Does the employer have to obtain the permission of or inform a third party (e.g local labour authorities or court) before being able to validly terminate the employment relationship? If yes, what are the sanctions for breach of this requirement?
The employer is obliged to obtain approval from the works council when termination is planned for the following workers:
a member of the works council,
a candidate for the works council who was not elected, during a period of three months after election results,
a worker who has diminished or no working capacity due to a work-related injury or professional illness
a worker over 60 years of age,
a workers’ representative in an employer’s body,
a worker terminated for collective redundancy reasons
If the above requirement is breached, the termination will be considered null and void.
What protection from discrimination or harassment are workers entitled to in respect of the termination of employment?
An employer with 20 or more workers is obliged to appoint a person for dealing with complaints related to discrimination or harassment. The complaints have to be considered within 8 days and all appropriate measures for prevention must be undertaken. Otherwise, the worker is entitled to stop working until his protection is secured under the condition that the claim is filed with the competent court within 8 days. Workers are entitled to wage during the time they are not working for the above reasons.
In cases when the worker does not expect the employer to comply with his request for the protection of dignity, he may file a claim against the employer directly to the court. The behaviour of other workers may also represent discrimination or harassment, and is considered a breach of employment obligations as such.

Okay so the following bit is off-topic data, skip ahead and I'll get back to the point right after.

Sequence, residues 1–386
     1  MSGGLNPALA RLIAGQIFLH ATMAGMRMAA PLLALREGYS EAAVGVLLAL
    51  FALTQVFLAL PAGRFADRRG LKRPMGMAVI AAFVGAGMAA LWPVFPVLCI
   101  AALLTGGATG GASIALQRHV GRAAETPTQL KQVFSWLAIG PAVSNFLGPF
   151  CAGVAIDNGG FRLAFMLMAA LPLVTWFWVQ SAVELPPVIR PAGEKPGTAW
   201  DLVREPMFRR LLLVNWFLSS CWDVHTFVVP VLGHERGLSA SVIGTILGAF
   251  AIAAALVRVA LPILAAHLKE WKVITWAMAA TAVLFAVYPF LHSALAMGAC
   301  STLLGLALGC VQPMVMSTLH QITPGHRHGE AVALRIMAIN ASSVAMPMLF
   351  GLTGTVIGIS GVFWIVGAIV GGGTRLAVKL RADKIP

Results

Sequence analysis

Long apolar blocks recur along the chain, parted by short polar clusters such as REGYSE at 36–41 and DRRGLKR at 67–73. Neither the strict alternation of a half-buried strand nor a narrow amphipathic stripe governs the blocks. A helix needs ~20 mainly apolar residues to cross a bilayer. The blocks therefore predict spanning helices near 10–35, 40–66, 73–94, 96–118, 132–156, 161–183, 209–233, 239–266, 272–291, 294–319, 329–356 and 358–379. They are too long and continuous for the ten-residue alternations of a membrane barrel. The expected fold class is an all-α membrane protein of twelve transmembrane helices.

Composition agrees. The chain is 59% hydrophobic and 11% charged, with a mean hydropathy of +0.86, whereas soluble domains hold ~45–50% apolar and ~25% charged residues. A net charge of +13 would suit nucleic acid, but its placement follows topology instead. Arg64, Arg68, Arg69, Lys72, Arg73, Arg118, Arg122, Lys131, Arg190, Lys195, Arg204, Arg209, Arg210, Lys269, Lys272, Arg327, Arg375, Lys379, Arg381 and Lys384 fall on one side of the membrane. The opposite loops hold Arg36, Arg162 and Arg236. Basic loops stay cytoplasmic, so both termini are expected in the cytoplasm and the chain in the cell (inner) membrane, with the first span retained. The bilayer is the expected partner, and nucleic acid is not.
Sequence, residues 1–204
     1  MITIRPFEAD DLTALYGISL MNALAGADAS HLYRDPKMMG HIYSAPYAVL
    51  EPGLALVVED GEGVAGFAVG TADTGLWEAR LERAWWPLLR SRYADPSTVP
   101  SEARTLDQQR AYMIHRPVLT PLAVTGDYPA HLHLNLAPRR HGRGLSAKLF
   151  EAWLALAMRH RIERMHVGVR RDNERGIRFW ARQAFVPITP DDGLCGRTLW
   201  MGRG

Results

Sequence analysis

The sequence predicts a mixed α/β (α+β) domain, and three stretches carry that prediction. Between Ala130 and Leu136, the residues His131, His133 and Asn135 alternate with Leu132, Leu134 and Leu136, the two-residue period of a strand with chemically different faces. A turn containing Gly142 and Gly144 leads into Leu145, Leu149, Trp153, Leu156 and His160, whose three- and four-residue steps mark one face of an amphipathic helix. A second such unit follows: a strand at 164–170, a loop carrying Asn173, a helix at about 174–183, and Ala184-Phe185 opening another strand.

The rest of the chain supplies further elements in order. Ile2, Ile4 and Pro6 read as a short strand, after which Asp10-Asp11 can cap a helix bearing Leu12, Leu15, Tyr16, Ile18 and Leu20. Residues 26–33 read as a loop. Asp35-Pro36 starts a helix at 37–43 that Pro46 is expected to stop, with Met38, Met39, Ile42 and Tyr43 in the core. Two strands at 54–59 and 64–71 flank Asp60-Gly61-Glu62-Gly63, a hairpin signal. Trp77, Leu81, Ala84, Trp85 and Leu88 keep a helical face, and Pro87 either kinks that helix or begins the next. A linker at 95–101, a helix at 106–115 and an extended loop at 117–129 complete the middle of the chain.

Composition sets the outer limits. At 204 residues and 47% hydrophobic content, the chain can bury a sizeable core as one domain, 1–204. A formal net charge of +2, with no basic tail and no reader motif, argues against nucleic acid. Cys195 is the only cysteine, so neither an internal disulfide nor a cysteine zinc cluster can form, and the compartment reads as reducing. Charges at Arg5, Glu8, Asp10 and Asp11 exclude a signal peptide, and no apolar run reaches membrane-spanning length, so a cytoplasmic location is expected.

The Anti-Discrimination Act provides protection from discrimination based on race, ethnicity or skin colour, sex, language, faith, political or other views, national or social origin, financial status, syndicate membership, education, social position, age, health condition, disability, gender identity or sexual orientation.
Croatian labour law states that any direct or indirect discrimination in the area of labour and working conditions is prohibited, including the selection criteria and requirements for employment, advance in employment, professional guidance, education, training and retraining, in accordance with the LLA and special laws and regulations, such as the Anti- Discrimination Act.
What are the possible consequences for the employer if a worker has suffered discrimination or harassment in the context of termination of employment?
Victims of discrimination are entitled to reinstatement and damage compensation from the employer.
When the court finds that a termination was not lawful, the affected worker might be reinstated. If the worker finds the reinstatement unacceptable, the date of termination of employment shall be determined and the worker may be awarded indemnity in an amount not less than three and not more than eight statutory or contracted average monthly salaries paid to the worker over the preceding three months.
Are any categories of worker (for example, fixed-term workers or workers on family leave) entitled to specific protection, other than protection from discrimination or harassment, on the termination of employment?
Temporal employment contracts may be terminated only if that option is provided by the contract.
An employment contract may not be terminated during a person’s pregnancy, maternity, parental or adoption leave, periods of part-time work, periods of short-time work due to intensified childcare, the leave of pregnant women or breastfeeding mothers, and the periods of leave or short-time work for reasons of caring for a child with serious developmental disabilities, and within fifteen days after the end of such rights. Such termination is considered null and void.
It is not possible to terminate the contract of a worker who is temporarily incapacitated for work due to medical treatment or recovery from a work-related injury or a professional illness. Such termination is considered null and void.
Are workers who have made disclosures in the public interest (whistleblowers) entitled to any special protection from termination of employment?